‘Wellness fabrics’: your daily dose in your clothes

Clothes made from nutritious food waste that benefit your body and the environment – it sounds futuristic, but it’s happening now.

Food waste and fashion have teamed up. Big piles of fruit waste, especially the waste of citrus fruits, grapes, pineapples and bananas are being looked at with much interest as new technology is making it possible to create fabric out of it (SEE OUR ARTICLE SUSTAINABLE FABRICS: DO BANANAS MAKE GOOD T-SHIRTS). This is not only reducing waste going into landfill, but, importantly, innovators have discovered that fabrics spun from the skins of fruits like grapes, lemons and oranges retain the fruit’s nutrients and vitamins in the fabric, creating alternative, healthy materials. The pulp left over from your breakfast’s orange juice can make clothes that have a lower carbon footprint and are often biodegradable, but also contain nutrients that are directly absorbed by your skin.

The concept of ‘wellness fabrics’ is revolutionary for the world of fashion. Two young scientists from Italy are pioneering ways to do something useful with the mountains of orange pulp in Southern Italy, where 700,000 tons of waste is produced every year after oranges are squeezed to make juice. Adriana Santanocito and Enrica Arena were still students when they decided that this was unacceptable and founded the Sicilian brand Orange Fiber in 2014.Their vision was to use these citrusy remains to create luxury, high-quality textiles. No one could doubt that they had achieved this after luxury fashion brand Salvatore Ferragamo launched a capsule collection with Orange Fiber in 2017. The ingenious twist is the natural citrus oil within the material, which is released onto the skin and nourishes you with vitamins.

Orange Fiber is only one of a growing number of companies who are coming up with new, healthy fabrics. Another food group being adopted by the industry is milk. Milk is naturally saturated with lots of minerals, vitamins and protein, and you are able to reap its benefits via QMilk. The brand recycles undrinkable German milk to create a sustainable material that is good for the skin. It can help with anti-ageing, regulating body temperature and aids blood circulation.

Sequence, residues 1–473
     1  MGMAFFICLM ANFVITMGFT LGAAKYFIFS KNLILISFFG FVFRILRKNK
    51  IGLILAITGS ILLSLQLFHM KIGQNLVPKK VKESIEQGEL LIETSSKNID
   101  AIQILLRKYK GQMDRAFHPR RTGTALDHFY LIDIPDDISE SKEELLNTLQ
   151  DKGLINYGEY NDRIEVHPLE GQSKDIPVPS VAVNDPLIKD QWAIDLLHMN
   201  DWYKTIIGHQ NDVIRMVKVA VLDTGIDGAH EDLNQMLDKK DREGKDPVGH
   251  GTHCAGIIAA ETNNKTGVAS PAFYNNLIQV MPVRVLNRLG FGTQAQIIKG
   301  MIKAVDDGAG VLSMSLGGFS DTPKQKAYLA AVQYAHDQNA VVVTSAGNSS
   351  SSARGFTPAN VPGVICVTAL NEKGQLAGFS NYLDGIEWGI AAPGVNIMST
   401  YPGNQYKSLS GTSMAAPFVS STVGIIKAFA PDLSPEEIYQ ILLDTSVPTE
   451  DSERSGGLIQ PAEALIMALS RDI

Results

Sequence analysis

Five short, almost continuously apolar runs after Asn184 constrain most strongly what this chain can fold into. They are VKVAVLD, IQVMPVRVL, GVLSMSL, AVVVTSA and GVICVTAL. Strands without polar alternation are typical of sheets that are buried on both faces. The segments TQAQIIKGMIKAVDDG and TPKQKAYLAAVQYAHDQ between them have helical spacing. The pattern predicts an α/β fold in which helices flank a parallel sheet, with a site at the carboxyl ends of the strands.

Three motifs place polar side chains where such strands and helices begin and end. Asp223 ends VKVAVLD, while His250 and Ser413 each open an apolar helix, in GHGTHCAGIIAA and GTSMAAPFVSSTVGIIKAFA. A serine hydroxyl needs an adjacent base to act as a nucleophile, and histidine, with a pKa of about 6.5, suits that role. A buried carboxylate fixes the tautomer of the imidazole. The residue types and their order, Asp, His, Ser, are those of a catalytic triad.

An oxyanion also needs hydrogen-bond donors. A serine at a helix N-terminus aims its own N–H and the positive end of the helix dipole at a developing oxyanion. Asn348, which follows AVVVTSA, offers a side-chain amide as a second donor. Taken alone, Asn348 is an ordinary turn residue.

Brown algae, commonly known as Knotted Wrack, is a family of seaweed that is naturally sourced from the abundant amounts of it growing in Icelandic Fjords (similar to valleys except for being filled with sea water) and is spun into clothing by the casualwear brand Pangaia. It is claimed that wearing one of their hoodies or track pants can reduce stress, hydrate and detoxify the skin.

From a sustainability point of view, the wellness fabrics are the bees’ knees. Man-made (synthetic) fibres and non-organic cotton In comparison require much more land, water and fertilizers, and release larger amounts of environmental pollution. Fashion production makes up 10% of total global carbon emissions – as much as the emissions of the European Union as a whole – and a huge 85% of all textiles are thrown away every year.

It is therefore truly exciting that these young entrepreneurs have decided to take the initiative in fashion sustainability and to combine this with wellness. Who wouldn’t like to be able to get part of your daily dose of vitamin C and B and reduce your stress levels without doing anything, just by wearing a cool hoodie made from a wellness-material.

Hopefully, bigger names in the industry will soon be inspired to have a long, hard look at fruit too. With its full circularity and very low carbon footprint our ‘healthy’ clothes may start giving us – and the planet – some TLC.

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